It is very common to be in the situation where your app needs to take some action, but only if multiple conditions are met. For example, suppose you have a function that is supposed to process a blog post. To post in the blog, you have to be logged in, to be an admin, and to have non-blank content. The first instinct would be to write something like this:

function postArticle(title,content) {
    if(content !== "" && title !== "" && !isSpam(content) && isAdmin() && isLoggedIn()) {
        publishArticle(title,content);
    }
    else {
        error("there was some kind of error");
    }
}

The problem with this construction is that there is no way to know why this function is failing, and subsequently there is no way to handle the error cleanup if necessary. It is possible to put in further checks inside, leading to something similar to this:

function postArticle(title,content) {
    if(content !== "" && title !== "" && !isSpam(content) && isAdmin() && isLoggedIn()) {
        publishArticle(title,content);
    }
    else {
        if(content == "") {
            error("content is empty");
        }
        else if(title == "") {
            error("title is empty");
        }
        // rest of checks go here
    }
}

Even with only two levels of nested if statements, this construction is getting harder to understand, follow along, and modify. If there are any kind of compound checks or recovery, it makes modification difficult since there are many possible interactions possible.

Below, I present a better way to handle these kinds of situations, where no more than one level of if statement is required.

function postArticle(title,content) {
    if(!isLoggedIn()) {
        error("You cannot post if you are not logged in");
    }
    else if(!isAdmin()) {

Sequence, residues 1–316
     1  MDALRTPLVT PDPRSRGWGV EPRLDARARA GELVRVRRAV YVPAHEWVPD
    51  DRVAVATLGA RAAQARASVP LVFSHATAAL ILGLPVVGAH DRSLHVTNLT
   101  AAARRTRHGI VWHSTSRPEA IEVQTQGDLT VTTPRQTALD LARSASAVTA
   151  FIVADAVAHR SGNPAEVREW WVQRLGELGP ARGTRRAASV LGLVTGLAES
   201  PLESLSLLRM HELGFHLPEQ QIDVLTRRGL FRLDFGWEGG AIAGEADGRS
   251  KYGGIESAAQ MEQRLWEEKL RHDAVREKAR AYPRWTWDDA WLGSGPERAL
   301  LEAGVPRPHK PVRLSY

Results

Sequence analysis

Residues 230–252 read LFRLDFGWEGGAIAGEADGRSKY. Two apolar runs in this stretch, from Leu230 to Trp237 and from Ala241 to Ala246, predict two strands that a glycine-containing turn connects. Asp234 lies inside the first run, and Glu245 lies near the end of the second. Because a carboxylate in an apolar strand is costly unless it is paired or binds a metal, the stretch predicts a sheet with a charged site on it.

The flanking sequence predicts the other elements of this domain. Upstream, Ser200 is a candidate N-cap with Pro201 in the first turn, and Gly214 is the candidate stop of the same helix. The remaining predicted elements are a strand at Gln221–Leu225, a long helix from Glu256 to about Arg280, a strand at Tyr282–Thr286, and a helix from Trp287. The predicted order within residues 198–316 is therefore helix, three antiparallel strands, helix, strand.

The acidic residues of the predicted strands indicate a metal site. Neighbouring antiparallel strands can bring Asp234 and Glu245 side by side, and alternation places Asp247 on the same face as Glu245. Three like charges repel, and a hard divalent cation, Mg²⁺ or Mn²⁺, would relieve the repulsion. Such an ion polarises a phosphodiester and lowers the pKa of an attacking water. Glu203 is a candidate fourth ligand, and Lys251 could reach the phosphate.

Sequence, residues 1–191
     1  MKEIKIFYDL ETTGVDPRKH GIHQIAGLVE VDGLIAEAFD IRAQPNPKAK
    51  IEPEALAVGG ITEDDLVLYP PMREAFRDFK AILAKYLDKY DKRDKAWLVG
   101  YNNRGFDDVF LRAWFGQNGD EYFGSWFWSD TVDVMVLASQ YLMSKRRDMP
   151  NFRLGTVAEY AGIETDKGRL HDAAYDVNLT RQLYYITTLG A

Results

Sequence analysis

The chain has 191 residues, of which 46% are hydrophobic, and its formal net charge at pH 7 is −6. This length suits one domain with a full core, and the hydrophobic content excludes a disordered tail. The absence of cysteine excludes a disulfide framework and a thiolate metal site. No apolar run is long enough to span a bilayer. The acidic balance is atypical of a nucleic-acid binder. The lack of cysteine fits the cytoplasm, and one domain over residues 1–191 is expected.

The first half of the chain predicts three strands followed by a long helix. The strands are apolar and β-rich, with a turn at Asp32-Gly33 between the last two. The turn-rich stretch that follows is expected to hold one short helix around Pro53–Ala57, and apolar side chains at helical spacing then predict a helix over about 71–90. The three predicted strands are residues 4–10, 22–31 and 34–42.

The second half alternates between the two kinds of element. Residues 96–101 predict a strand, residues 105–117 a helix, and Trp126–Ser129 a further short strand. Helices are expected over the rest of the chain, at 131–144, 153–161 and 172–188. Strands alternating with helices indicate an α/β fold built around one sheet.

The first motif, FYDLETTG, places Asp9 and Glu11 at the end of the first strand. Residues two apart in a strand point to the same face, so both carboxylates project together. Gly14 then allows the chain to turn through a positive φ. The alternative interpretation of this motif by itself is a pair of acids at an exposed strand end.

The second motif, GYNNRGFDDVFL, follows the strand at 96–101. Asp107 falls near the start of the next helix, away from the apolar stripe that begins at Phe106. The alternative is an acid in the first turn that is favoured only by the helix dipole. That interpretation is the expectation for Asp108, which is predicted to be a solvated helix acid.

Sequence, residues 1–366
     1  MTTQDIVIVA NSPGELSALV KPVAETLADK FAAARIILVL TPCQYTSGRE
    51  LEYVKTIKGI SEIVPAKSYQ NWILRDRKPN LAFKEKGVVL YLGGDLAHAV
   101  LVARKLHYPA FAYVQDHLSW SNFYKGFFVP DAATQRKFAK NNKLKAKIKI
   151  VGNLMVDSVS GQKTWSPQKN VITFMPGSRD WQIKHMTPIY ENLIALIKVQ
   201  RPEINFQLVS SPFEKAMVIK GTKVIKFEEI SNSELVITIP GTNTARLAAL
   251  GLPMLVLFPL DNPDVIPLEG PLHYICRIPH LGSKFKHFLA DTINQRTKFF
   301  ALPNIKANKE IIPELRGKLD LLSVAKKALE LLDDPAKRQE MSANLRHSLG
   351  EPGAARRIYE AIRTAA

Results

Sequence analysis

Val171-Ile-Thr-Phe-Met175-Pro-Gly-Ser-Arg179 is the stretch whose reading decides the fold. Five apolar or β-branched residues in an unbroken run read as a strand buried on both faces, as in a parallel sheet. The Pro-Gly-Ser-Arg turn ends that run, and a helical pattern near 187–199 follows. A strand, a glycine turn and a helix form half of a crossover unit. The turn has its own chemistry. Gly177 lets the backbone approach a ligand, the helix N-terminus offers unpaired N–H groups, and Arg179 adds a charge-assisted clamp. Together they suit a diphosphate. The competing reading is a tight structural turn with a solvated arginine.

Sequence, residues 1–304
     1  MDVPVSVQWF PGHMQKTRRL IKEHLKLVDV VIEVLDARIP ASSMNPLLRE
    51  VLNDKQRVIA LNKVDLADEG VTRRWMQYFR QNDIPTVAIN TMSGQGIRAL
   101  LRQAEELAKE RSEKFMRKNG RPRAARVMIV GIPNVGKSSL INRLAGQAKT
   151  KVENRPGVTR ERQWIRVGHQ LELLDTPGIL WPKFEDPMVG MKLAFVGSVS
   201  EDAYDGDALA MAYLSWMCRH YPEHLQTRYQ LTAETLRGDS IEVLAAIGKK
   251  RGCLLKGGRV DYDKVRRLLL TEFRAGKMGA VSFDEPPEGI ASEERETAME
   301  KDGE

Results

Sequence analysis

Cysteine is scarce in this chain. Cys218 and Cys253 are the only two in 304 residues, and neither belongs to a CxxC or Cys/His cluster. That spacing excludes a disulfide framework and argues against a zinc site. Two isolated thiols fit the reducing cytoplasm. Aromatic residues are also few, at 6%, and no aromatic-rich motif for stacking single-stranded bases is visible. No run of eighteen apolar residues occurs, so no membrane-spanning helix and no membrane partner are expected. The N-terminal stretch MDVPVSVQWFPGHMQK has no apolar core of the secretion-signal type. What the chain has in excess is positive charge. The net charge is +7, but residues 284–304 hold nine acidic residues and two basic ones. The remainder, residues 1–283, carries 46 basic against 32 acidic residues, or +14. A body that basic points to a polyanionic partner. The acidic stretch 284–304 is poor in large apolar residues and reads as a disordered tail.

error("Only admins can post articles");
    }
    else if(content == "") {
        error("Content cannot be blank");
    }
    else if(title == "") {
        error("Title cannot be blank");
    }
    else if(isSpam(content)) {
        error("Content is marked as spam");
    }
    else {
        publishArticle(title,content);
    }
}

The idea is that the normal flow checks for errors first, and only once all the checks have passed, the final else statement is reached and the action is performed. Each if or else if only checks one condition, and the conditions are ordered is such a way that the later checks depend on the first checks to pass. For example, being an admin is not possible if you are not logged in first, therefore the check to see if the user is admin is placed below the check to see if the user is logged in.

Similarly, it’s a good idea to perform cheap checks before expensive ones. It is easier to check if the content is blank than to take it through the spam filter, that’s why the blank check is performed first.

Finally, the else statement is reached when all the checks have passed.

The reason why we used this structure is that there is only one way to succeed, but multiple ways to fail. Therefore, we can handle each failure separately, and only handle the success at the very end.